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There are 39 results for Rapamycin (displaying 11 to 20).

The nuclear cofactor DOR regulates autophagy in mammalian and Drosophila cells

The regulation of autophagy in metazoans is only partly understood, and there is a need to identify the proteins that control this process. The diabetes‐ and obesity‐regulated gene (DOR), a recently reported nuclear cofactor of thyroid hormone receptors, is expressed abundantly in metabolically active tissues such as muscle. Here, we show that DOR shuttles between the nucleus and the cytoplasm, depending on cellular stress conditions, and re‐localizes to autophagosomes on autophagy activation. We demonstrate that DOR interacts physically with autophagic proteins Golgi‐associated ATPase enhancer of 16 kDa (GATE16) and microtubule‐associated protein 1A/1B‐light chain 3. Gain‐of‐function and loss‐of‐function studies indicate that DOR stimulates autophagosome formation and accelerates the degradation of stable proteins. CG11347, the DOR Drosophila homologue, has been predicted to interact with the Drosophila Atg8 homologues, which suggests functional conservation in autophagy. Flies lacking CG11347 show reduced autophagy in the fat body during pupal development. All together, our data indicate that DOR regulates autophagosome formation and protein degradation in mammalian and Drosophila cells.

DOR localizes to autophagosomes when autophagy is activated. (A) Confocal images of HeLa cells transiently transfected with DOR and GFP‐LC3, and incubated for 1h with DMEM, HBSS (starvation), 2 μM rapamycin or HBSS containing 50 μM chloroquine. Nuclei were labelled with DAPI. Scale bars, 10 μm. (B,C) Confocal images of HeLa cells transiently transfected with DOR or GFP‐LC3 and incubated with 50 nM Lysotracker in DMEM or HBSS. Scale bars, 10 μm. (D) Confocal images of HeLa cells transiently …

… is increased by inhibitors of proteasomes such as MG132 or lactacystin ( online). Incubation of DOR‐transfected HeLa cells with cellular stressors caused DOR to leave the nucleus ( online). Activation of autophagy by amino‐acid starvation (here referred to as starvation) or by rapamycin treatment of DOR‐transfected HeLa or C2C12 muscle cells—which show endogenous DOR expression—caused DOR to leave the nucleus and re‐localize to cytoplasmic punctate structures ( and ; online). We next analysed DOR …

Caroline Mauvezin et al. EMBO Reports December 2009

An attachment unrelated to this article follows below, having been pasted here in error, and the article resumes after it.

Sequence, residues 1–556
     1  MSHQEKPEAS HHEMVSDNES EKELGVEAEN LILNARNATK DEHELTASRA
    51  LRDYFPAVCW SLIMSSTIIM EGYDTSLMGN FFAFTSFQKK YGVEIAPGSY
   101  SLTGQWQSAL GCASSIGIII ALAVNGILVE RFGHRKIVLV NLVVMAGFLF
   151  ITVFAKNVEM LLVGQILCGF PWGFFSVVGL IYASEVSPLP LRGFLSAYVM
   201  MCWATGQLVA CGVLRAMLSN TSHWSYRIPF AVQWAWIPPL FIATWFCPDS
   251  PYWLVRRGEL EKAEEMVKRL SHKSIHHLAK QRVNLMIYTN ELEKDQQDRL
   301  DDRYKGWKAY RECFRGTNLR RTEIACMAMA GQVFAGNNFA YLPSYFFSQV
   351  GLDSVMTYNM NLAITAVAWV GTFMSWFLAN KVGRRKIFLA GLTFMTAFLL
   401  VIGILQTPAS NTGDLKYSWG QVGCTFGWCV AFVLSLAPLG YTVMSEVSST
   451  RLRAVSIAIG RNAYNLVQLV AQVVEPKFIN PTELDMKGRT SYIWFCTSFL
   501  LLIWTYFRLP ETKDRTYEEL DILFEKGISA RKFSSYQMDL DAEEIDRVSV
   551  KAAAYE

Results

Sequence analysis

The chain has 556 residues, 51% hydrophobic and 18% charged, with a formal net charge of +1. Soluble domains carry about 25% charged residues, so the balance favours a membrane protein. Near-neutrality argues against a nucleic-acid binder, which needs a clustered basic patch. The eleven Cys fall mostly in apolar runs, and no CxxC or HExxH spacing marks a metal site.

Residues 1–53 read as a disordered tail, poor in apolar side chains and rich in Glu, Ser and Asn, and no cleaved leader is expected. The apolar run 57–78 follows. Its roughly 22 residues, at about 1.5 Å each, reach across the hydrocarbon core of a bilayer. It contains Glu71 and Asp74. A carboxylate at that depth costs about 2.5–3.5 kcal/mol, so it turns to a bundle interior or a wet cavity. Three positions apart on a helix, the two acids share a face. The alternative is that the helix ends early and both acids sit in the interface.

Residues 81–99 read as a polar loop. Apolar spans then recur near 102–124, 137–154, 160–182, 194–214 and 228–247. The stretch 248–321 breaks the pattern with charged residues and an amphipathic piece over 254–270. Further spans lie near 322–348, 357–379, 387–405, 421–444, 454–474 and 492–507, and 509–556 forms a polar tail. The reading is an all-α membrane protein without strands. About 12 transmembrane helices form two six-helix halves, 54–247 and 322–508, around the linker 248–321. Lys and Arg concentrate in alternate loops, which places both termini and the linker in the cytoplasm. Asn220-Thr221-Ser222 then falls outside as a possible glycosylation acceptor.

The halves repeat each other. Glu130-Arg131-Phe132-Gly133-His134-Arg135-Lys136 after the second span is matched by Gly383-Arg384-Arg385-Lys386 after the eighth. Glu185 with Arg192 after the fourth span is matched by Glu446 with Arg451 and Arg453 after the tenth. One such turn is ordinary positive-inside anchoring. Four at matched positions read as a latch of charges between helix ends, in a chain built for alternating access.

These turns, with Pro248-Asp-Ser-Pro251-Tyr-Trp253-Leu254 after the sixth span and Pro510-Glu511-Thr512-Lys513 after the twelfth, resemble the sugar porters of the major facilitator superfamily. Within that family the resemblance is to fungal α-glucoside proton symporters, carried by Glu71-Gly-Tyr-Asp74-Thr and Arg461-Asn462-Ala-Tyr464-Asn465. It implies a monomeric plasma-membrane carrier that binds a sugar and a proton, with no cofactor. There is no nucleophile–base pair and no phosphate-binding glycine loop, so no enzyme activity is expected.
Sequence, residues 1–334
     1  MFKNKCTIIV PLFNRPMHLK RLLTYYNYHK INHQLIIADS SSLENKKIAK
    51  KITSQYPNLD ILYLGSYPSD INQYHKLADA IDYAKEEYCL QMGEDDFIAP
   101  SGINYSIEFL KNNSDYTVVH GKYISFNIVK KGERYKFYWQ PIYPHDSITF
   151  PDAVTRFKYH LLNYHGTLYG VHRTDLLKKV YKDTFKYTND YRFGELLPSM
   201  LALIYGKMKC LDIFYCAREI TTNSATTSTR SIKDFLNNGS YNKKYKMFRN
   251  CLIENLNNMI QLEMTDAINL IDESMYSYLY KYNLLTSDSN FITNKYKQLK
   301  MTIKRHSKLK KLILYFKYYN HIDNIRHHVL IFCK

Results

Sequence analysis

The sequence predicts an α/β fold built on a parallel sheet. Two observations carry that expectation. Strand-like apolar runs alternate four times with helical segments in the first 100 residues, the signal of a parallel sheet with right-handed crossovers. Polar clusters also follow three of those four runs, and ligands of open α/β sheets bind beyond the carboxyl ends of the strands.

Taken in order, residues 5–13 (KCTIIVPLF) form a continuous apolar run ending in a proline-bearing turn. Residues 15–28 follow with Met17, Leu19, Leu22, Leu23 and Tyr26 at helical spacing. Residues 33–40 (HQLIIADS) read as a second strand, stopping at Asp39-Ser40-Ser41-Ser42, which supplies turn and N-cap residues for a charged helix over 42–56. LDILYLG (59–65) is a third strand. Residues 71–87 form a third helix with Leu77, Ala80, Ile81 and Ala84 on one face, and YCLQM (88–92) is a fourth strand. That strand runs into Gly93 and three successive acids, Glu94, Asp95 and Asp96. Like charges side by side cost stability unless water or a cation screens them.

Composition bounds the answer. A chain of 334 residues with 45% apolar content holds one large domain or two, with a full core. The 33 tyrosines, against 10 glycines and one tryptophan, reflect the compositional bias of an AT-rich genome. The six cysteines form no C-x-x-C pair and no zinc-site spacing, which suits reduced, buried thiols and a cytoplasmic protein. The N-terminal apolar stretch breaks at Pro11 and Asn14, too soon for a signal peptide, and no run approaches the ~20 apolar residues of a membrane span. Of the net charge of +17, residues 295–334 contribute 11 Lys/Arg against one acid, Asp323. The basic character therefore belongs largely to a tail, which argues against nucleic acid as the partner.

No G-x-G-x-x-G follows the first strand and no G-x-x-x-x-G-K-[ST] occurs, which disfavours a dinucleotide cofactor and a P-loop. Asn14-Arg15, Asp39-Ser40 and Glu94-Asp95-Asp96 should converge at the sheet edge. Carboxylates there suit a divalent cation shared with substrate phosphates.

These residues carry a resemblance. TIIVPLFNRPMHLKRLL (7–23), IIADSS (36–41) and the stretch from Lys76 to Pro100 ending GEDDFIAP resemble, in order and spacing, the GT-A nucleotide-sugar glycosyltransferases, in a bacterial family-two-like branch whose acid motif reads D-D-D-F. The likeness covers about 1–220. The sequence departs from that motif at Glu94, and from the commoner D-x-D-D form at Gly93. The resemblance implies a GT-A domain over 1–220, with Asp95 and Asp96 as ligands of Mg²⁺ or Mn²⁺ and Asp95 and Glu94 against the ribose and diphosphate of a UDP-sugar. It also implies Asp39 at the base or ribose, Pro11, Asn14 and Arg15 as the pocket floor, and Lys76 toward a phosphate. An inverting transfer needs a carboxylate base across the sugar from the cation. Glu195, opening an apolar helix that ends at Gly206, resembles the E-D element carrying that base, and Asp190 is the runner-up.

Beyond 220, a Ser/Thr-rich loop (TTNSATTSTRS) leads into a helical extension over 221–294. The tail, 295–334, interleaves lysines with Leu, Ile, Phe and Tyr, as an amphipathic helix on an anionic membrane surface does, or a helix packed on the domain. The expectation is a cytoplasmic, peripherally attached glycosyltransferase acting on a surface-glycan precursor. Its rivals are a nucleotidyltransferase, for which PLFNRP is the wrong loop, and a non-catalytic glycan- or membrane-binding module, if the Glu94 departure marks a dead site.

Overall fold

A lysosome‐to‐nucleus signalling mechanism senses and regulates the lysosome via mTOR and TFEB

The lysosome plays a key role in cellular homeostasis by controlling both cellular clearance and energy production to respond to environmental cues. However, the mechanisms mediating lysosomal adaptation are largely unknown. Here, we show that the Transcription Factor EB (TFEB), a master regulator of lysosomal biogenesis, colocalizes with master growth regulator mTOR complex 1 (mTORC1) on the lysosomal membrane. When nutrients are present, phosphorylation of TFEB by mTORC1 inhibits TFEB activity. Conversely, pharmacological inhibition of mTORC1, as well as starvation and lysosomal disruption, activates TFEB by promoting its nuclear translocation. In addition, the transcriptional response of lysosomal and autophagic genes to either lysosomal dysfunction or pharmacological inhibition of mTORC1 is suppressed in TFEB−/− cells. Interestingly, the Rag GTPase complex, which senses lysosomal amino acids and activates mTORC1, is both necessary and sufficient to regulate starvation‐ and stress‐induced nuclear translocation of TFEB. These data indicate that the lysosome senses its content and regulates its own biogenesis by a lysosome‐to‐nucleus signalling mechanism that involves TFEB and mTOR.

… and subsequently stimulated as indicated for at least 3 h. Correct subcellular fractionation was verified with H3 and tubulin antibodies. (C) Effects of ERK and mTOR inhibitors on TFEB nuclear translocation. TFEB–GFP HeLa cells were seeded in 96‐well plates, cultured for 12 h, and then treated with the indicated concentrations of the ERK inhibitor U0126, or the mTOR inhibitors Rapamycin, Torin 1, and Torin 2. After 3 h at 37°C, cells were processed and images were acquired using the OPERA automated …

… on TFEB nuclear translocation may be mediated by mTORC1. Consistent with this idea, chloroquine or SalA inhibited mTORC1 activity as measured by level of p‐P70S6K, a known mTORC1 substrate ( ; ). The involvement of mTOR appears in contrast with our previous observation that Rapamycin, a known mTOR inhibitor, did not affect TFEB activity. However, recent data indicate that Rapamycin is a partial inhibitor of mTOR, as some substrates are still efficiently phosphorylated in the presence of this drug …

Carmine Settembre et al. The EMBO Journal March 2012

Inhibition of autophagy by TAB2 and TAB3

Autophagic responses are coupled to the activation of the inhibitor of NF‐κB kinase (IKK). Here, we report that the essential autophagy mediator Beclin 1 and TGFβ‐activated kinase 1 (TAK1)‐binding proteins 2 and 3 (TAB2 and TAB3), two upstream activators of the TAK1‐IKK signalling axis, constitutively interact with each other via their coiled‐coil domains (CCDs). Upon autophagy induction, TAB2 and TAB3 dissociate from Beclin 1 and bind TAK1. Moreover, overexpression of TAB2 and TAB3 suppresses, while their depletion triggers, autophagy. The expression of the C‐terminal domain of TAB2 or TAB3 or that of the CCD of Beclin 1 competitively disrupts the interaction between endogenous Beclin 1, TAB2 and TAB3, hence stimulating autophagy through a pathway that requires endogenous Beclin 1, TAK1 and IKK to be optimally efficient. These results point to the existence of an autophagy‐stimulatory ‘switch’ whereby TAB2 and TAB3 abandon inhibitory interactions with Beclin 1 to engage in a stimulatory liaison with TAK1.